The market was red hot last week, but shares of Shake Shack (NYSE:SHAK) were bloodied rare. Shares of the "better burger" restaurant chain declined 12%, sinking after Shake Shack, bucking the trend of an otherwise buoyant market that closed higher in four of its five trading days.
The culprit here is Shake Shack's filing a secondary offering. A whopping 26.16 million shares will be sold. It's not dilutive, and that's not necessarily good news. Shake Shack isn't getting a single penny from the stock sale because it's not printing any new shares. Every single stock being unloaded is coming from a pre-IPO investors.
We knew that insider selling was going to be an issue when Shake Shack soared out of the gate. It went public at $21 nine months ago, more than quadrupling at its springtime peak. The stock has gone on to shed more than half of its peak value, but it has still more than doubled since its market debut. Shake Shack's lockup expiration ended in late July, freeing pre-IPO investors to cash in on the stock's meteoric rise this year. A smaller secondary offering followed the lockup expiration, and now we have a bigger exodus on our hands.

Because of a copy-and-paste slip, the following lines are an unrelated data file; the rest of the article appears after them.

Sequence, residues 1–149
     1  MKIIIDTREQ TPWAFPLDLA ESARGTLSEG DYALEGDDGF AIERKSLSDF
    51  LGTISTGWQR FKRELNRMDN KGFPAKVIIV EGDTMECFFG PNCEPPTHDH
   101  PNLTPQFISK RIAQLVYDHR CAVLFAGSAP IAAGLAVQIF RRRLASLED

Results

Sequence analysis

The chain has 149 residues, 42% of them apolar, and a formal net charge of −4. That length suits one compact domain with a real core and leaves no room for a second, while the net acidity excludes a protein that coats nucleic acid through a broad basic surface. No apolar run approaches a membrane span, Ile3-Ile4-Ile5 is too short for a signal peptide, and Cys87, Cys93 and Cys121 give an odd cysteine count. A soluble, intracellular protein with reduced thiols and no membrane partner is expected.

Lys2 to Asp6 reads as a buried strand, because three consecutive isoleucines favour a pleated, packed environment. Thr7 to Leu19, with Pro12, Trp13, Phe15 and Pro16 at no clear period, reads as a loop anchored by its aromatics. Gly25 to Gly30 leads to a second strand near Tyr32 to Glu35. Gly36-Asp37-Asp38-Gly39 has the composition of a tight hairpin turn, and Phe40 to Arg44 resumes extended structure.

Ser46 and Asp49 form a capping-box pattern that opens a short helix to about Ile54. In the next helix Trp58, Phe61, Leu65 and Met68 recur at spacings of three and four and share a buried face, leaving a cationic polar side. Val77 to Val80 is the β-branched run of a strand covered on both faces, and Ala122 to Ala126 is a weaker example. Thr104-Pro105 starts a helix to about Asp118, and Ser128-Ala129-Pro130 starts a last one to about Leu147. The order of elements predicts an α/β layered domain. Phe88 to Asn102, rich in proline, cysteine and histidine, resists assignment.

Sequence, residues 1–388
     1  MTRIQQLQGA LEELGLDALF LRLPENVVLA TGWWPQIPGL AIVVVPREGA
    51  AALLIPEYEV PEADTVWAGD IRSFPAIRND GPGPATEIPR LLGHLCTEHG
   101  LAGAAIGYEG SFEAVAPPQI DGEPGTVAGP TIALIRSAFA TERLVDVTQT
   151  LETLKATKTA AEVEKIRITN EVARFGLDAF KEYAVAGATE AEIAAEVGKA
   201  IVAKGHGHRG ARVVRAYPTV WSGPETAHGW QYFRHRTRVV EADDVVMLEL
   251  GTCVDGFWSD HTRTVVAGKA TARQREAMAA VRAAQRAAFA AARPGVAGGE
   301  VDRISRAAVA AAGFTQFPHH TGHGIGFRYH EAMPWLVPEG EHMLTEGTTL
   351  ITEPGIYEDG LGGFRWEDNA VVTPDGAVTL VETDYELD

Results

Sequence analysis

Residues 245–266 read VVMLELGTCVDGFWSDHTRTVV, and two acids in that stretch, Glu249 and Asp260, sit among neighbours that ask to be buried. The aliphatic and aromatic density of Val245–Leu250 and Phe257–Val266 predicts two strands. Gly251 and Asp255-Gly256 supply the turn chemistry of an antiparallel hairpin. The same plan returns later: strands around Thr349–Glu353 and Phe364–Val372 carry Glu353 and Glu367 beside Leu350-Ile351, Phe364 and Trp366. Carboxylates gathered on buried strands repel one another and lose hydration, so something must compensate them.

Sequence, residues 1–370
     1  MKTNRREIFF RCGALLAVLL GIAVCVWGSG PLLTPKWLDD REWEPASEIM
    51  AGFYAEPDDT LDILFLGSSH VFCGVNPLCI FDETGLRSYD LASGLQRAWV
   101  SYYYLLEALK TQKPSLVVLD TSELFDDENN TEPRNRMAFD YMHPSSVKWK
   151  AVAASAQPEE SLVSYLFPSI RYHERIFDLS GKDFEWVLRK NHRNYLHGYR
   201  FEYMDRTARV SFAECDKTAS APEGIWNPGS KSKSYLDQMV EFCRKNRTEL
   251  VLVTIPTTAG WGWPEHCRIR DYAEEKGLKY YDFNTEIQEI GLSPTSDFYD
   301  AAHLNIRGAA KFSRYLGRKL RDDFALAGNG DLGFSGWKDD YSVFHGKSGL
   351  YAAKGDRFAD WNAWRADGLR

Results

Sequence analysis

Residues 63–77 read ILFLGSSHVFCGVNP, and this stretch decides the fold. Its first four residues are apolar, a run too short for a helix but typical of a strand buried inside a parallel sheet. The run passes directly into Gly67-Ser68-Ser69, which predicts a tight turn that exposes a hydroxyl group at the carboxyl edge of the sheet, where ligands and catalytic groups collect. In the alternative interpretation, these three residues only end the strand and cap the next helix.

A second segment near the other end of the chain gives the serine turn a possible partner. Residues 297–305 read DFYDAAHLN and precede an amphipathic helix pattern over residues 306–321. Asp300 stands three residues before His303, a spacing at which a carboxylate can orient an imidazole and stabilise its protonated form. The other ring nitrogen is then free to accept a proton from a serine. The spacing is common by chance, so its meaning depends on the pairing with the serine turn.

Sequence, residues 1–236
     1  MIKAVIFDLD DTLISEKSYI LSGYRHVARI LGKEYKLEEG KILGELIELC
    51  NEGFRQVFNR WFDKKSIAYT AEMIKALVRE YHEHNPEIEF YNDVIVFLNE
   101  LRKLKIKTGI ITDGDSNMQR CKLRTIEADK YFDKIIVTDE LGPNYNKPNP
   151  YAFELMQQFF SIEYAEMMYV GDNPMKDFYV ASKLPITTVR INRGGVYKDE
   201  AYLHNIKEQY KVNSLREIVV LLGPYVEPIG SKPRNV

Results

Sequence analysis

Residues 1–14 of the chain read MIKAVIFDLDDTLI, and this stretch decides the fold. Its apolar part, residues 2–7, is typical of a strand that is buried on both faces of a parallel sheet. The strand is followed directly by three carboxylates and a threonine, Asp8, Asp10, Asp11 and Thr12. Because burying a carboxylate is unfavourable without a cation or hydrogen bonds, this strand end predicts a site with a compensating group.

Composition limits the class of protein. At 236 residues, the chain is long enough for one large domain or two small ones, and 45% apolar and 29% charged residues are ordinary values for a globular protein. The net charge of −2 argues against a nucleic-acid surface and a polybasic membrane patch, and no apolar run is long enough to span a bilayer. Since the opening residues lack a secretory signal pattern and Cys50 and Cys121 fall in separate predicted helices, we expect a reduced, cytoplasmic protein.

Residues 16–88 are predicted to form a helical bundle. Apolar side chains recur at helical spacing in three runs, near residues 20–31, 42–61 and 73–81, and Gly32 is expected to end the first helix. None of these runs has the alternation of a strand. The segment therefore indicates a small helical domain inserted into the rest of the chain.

With sentiment turning and the market feeling vulnerable, can you blame some early investors for getting jittery? However, this is problematic -- even if it's a zero-sum event in terms of the outstanding share count and assessing Shake Shack's market cap -- because it dramatically pumps up the public float. There will be a lot more shares out there, making it that much harder for good news in the future to push the stock higher.
One can also argue that the larger float will make it less vulnerable to a sell-off if things don't go well, but Shake Shack's potential catalysts seem far more positive than negative.
Shake Shack is in a surprisingly good place for a stock that has seen its value plunge 55% since nearly hitting triple digits in May. Revenue clocked in with a 75% year-over-year pop in its latest quarter, as a combination of heady expansion and a dizzying 12.9% surge in comps continues to make it one of the fastest growing restaurant chains on the planet.
The news gets even better on the bottom line, where adjusted earnings tripled to $0.09 a share. Shake Shack has blasted through Wall Street's profit targets with ease in its first three quarters as a public company, a calling card for a market darling.
Shake Shack seems to be doing everything right. It's revising its guidance higher. It's picking up the pace of new eatery openings. Analyst earnings estimates have roughly doubled over the past three months. With just 63 locations worldwide, there's still a lot of room to run.
It's easy to see why early investors are moving to take some money off the table, but it's ultimately even easier to see why they will come to regret their decision to bail.